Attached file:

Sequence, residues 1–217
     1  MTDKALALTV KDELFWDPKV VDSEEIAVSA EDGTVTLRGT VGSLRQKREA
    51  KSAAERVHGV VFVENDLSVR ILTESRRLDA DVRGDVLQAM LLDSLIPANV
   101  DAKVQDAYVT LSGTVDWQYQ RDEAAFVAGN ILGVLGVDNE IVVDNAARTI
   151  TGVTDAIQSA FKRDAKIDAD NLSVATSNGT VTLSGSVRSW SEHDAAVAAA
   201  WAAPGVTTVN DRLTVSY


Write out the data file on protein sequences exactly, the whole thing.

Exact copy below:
Sequence, residues 1–217
     1  MTDKALALTV KDELFWDPKV VDSEEIAVSA EDGTVTLRGT VGSLRQKREA
    51  KSAAERVHGV VFVENDLSVR ILTESRRLDA DVRGDVLQAM LLDSLIPANV
   101  DAKVQDAYVT LSGTVDWQYQ RDEAAFVAGN ILGVLGVDNE IVVDNAARTI
   151  TGVTDAIQSA FKRDAKIDAD NLSVATSNGT VTLSGSVRSW SEHDAAVAAA
   201  WAAPGVTTVN DRLTVSY